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Working Hard Or Being Good At Your Job Might Not Get You That PROMOTION. Here Are 3 IMPORTANT Additional Things That Will

Why working hard and being great at what you do is not enough? And how communicating your brand, building effective relationship with your leaders and networking can help.

business and office - businessman and businesswoman on the top of chart with success word
business and office - businessman and businesswoman on the top of chart with success word

“What is one thing you wish you knew 10 years ago?” is a question I often ask successful and senior leaders in the business and corporate world. Some of their thoughts are similar, some are different. But there is one thing which is common.

No one ever said to me, “I wish I had worked harder and gotten more work done. I wish I had spent more time on my desk working endlessly.”

That’s true. I have not heard that in a single time. And most probably, you have not heard it too.

And that is because, there is more to success and more to growth than just being good at your job and working hard. This is not new news. However, every time I remind this to a friend or a client, they feel frustrated or indignant. “Like what else do you need me to do?!! I am already doing enough and great. I can’t be bothered with showing off and being political.”

Okay then, can you be bothered with taking charge of your leadership brand and your career? Is my return question.

If your answer is yes, here are three important additional things you can do, on top of doing a great job.

  1. Work on building a trusted and strong professional relationship with your manager

Having a positive relationship with your manager is crucial for career success. Most of us agree to this. However, when people tell me that having a good relationship with your manager is a hit or miss or a matter of luck, that is when I disagree. Allow me to back up my point.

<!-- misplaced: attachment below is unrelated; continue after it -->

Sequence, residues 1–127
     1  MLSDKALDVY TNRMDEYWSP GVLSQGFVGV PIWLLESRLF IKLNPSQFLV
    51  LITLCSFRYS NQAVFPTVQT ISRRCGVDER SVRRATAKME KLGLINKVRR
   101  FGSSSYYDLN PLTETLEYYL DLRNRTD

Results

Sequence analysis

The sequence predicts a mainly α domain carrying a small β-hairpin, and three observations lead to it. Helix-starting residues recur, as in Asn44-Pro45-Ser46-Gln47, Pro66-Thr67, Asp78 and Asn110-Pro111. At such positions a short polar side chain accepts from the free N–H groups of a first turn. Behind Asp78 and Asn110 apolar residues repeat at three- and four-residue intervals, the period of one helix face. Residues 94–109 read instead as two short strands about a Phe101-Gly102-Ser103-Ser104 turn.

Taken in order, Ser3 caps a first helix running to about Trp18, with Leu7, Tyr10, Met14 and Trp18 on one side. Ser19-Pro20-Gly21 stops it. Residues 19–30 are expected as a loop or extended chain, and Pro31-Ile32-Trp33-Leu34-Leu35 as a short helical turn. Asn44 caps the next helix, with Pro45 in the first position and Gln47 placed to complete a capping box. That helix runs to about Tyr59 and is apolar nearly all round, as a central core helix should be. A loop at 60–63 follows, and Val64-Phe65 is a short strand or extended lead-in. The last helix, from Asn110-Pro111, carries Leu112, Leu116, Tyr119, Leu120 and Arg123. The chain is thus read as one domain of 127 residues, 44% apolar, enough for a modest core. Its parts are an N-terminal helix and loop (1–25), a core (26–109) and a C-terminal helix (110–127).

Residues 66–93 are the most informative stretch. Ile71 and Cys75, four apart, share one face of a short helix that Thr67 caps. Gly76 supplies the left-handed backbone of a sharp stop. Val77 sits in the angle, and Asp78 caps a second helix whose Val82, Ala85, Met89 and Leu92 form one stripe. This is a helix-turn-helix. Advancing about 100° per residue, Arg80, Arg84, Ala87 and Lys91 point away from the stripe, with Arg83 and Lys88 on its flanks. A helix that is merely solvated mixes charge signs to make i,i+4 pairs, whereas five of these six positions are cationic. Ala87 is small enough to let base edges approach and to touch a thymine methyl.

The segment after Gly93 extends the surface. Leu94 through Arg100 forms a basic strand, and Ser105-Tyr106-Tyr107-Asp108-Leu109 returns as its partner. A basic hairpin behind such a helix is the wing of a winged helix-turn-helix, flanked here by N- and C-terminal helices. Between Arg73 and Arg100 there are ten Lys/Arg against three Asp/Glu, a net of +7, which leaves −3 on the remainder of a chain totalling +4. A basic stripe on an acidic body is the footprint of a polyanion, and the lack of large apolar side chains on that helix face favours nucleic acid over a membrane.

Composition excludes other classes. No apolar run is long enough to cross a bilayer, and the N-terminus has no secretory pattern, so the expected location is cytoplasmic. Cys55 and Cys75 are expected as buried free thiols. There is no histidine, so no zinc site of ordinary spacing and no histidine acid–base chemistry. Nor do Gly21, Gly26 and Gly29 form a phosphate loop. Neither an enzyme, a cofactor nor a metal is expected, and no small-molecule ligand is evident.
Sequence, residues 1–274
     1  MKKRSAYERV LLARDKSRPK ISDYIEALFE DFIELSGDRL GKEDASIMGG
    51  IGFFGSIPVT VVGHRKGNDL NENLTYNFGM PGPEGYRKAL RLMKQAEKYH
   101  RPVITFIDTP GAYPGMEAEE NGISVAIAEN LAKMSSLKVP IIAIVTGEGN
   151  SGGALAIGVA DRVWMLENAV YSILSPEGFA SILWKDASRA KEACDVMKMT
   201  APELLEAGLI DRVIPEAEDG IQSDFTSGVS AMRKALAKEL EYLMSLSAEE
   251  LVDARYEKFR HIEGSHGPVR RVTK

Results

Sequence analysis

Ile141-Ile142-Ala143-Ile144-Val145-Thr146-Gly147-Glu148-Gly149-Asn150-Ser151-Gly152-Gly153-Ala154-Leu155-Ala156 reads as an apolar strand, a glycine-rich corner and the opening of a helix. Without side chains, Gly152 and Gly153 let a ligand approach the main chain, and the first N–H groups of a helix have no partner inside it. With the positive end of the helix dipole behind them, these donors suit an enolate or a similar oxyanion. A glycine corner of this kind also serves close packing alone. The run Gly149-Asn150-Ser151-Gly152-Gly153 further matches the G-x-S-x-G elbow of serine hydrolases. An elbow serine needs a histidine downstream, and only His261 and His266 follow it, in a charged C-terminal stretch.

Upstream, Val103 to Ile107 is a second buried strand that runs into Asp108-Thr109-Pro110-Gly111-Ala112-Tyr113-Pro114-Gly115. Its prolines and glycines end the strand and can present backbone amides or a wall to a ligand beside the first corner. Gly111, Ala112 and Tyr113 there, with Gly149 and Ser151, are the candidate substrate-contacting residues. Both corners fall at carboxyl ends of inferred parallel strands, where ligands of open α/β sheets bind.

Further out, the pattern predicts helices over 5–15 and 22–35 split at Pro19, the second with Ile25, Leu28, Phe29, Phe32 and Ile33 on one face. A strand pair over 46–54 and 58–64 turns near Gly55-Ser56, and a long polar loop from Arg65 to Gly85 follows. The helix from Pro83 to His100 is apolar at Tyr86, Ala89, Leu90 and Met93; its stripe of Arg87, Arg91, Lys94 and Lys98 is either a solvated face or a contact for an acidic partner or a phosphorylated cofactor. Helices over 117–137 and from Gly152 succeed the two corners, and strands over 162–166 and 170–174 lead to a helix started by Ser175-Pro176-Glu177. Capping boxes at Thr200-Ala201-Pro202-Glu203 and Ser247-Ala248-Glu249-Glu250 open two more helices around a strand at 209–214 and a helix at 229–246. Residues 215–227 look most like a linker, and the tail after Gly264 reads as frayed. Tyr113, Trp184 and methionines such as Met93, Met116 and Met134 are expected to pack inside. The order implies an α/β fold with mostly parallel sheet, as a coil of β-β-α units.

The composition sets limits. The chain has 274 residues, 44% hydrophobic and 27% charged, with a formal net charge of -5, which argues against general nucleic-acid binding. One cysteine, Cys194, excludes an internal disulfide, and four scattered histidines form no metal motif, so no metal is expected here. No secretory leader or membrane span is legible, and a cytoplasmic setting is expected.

While we certainly can’t control the personality, preferences, nature and moods of our manager, we can take charge of how we interact with her (or him). We can take charge of how we want to steer that relationship.

I recall an incident where one of my friends was struggling to build a positive relationship with his new manager. “He is too critical, hyper-stressed and micromanaging”, my friend complained. I recommended him to invite his manager for a one-on-one dinner conversation. And try to understand more about his style, expectations and goals from the team. I also suggested that during the chat, my friend mentions his own expectations from the manager, work goals, resources that he needs and what is his vision for the team.

Your manager is not a mind reader. Help her (or him) understand what you need to be successful in your role. Tell her clearly what your goals and expectations are. This will make life easier for both of you and build a trusted relationship in the long run.

  1. Network and connect with people within and outside your organization

“I can’t network to save my life”, I have heard people to say to me. If you are one of them, let’s have a real talk.

What do you think is networking? And why are you against it?

Okay, understood that you don’t like to go to large cocktail events and meet fifty people from different backgrounds and have small talk. I don’t like that either.

However, unless you plan to work all alone for the rest of your life (which I believe is highly unlikely), you can benefit from meeting people, knowing them, learning new ideas and making new connections in this business world.

In my experience, I have noticed that it is often a mental block or a story we tell ourselves. Break down that story and ask yourself what part of this activity you don’t like. And then remove those parts.

Here are some simple ideas that have worked for me or for the people I have worked with:  

  • If you don’t like to attend company wide events, invite colleagues from your team and other departments for a one-on-one coffee or lunch chat.